Should thieves be jailed?

Should thieves be jailed?

As the Sentencing Council is obliged to keep the public informed of such developments to sentencing policies in the justice system, we wanted to find out how UK adults would react to this policy if it were to be implemented.

Our research shows that over half (54%) of all UK adults would oppose this proposition, with 25% in strong opposition. Their rationale seems to lie in the scepticism of community service as a deterrent – three in five (62%) of those who would oppose this policy cited this to be their reason. This was followed by one in five (22%) who believe that all perpetrators of criminal activity should be imprisoned.

On the other hand, just over a quarter of all UK adults (27%) were in support of community service and fines over incarceration for these perpetrators, with those in the lower age brackets 10% more likely to share this sentiment than those who are older (33% of 18-34 year olds in support compared to 23% of 55+ year olds). A third (31%) of these adults would support the idea as they believe imprisonment is for more serious crimes, while 23% believe community service to be a good deterrent for pure property crimes.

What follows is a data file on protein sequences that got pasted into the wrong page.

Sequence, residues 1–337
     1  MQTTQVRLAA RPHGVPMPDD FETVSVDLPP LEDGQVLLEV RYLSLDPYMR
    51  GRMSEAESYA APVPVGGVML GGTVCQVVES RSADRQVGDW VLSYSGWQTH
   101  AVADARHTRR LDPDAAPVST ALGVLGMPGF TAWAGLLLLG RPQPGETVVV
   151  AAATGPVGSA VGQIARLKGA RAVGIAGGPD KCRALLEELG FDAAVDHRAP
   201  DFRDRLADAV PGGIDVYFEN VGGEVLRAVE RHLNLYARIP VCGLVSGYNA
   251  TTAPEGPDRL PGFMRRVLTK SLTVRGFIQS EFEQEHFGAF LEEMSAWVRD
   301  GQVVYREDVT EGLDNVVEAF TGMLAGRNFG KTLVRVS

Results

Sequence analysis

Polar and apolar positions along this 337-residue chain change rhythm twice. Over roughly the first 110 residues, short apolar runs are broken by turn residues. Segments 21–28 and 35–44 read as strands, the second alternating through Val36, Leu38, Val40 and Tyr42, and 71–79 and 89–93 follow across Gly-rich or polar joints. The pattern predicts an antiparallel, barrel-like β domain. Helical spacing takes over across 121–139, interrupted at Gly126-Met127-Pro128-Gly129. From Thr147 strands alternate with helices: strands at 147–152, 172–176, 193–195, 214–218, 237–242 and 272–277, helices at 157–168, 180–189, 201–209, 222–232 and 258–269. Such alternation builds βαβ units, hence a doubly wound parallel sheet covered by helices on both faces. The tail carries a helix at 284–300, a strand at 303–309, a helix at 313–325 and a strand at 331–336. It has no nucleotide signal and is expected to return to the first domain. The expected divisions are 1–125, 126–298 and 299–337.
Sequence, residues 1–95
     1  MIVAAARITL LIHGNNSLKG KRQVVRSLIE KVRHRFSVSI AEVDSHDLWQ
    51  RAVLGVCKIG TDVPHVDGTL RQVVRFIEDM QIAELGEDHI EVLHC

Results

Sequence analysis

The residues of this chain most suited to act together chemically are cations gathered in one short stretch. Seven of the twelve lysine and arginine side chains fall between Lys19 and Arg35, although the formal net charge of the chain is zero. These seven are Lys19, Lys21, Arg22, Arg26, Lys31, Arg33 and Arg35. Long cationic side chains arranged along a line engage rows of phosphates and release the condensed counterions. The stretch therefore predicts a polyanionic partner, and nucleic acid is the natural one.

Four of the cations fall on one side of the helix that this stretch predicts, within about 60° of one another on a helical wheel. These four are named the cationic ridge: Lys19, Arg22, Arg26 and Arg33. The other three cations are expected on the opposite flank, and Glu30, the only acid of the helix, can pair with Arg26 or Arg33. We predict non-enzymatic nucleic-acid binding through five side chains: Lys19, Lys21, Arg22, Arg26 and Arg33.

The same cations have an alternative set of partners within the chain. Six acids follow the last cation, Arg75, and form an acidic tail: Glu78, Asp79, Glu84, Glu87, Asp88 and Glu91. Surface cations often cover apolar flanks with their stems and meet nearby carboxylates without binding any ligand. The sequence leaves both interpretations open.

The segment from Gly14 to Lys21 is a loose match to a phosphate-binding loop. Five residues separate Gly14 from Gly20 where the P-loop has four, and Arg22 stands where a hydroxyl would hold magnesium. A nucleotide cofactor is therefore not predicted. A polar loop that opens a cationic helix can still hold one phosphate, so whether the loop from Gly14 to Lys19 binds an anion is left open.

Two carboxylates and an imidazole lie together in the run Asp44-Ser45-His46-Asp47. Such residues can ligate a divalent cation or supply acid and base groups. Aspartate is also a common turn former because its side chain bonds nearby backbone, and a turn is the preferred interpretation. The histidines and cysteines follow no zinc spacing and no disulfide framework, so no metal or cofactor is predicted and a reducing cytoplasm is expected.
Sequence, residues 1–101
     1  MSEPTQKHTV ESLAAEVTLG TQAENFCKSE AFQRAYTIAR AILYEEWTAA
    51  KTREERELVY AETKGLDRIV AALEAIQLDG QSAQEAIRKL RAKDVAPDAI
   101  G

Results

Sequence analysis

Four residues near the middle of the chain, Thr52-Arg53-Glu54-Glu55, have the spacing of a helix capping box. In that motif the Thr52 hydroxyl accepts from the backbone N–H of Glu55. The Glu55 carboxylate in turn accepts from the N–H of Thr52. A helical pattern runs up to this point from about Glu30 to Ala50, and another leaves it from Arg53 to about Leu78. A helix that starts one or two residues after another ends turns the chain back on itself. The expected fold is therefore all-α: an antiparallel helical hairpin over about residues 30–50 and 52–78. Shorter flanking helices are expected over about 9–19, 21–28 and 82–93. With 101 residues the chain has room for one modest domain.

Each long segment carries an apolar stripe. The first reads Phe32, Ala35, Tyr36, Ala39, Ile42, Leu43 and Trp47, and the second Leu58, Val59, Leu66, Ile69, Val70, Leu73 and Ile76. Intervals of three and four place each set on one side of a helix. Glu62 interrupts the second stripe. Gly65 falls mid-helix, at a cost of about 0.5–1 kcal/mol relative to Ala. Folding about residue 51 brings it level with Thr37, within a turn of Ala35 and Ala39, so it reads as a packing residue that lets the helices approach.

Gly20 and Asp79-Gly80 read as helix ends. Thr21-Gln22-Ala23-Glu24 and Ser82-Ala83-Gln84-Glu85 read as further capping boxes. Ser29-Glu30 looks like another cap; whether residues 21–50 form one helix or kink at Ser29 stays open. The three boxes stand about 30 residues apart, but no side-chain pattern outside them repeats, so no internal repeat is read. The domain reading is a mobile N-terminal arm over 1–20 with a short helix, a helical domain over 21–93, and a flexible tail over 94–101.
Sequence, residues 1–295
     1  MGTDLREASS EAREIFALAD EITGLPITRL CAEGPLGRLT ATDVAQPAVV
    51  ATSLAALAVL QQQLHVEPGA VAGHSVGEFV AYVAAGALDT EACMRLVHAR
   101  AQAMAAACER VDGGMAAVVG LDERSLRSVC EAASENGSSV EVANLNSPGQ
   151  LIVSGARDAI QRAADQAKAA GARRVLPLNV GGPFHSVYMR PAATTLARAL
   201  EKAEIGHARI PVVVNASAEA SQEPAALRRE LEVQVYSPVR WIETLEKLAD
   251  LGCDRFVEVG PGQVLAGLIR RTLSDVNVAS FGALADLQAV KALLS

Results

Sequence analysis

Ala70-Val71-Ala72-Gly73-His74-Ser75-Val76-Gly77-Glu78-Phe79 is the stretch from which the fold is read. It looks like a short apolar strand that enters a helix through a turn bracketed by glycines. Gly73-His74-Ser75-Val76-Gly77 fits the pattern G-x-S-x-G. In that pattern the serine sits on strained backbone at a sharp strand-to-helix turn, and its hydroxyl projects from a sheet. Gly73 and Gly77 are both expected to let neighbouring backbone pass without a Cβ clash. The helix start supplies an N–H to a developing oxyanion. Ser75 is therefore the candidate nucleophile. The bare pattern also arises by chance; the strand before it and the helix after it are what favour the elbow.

Ashworth argued that these new measures would grossly reduce the prison population, which we found to be the main reason for one in four (25%) of those who would support the proposition. A further 16% cited the costs incurred to taxpayers as their motivation.

Opinium Research carried out an online survey of 2,002 GB adults aged 18+ from the 20th – 23rd August 2013. Results have been weighted to nationally representative criteria.

Interview Method and Sample

This survey is conducted online by CAWI (computer aided web interviewing), using Opinium?s online research panel of circa 30,000 individuals. This research is run from a representative sample of GB adults (aged 18+ in England, Scotland and Wales). The sample is defined from pre-collected registration data containing gender, age (18-34, 35-54, and 55+), region (North East, North West, Yorkshire and Humberside, East Midlands, West Midlands, East of England, London, South East, South West, Wales, and Scotland), working status and social grade to match the latest published ONS figures.

Opinium also takes into account differential response rates from the different demographic groups, to ensure the sample is representative.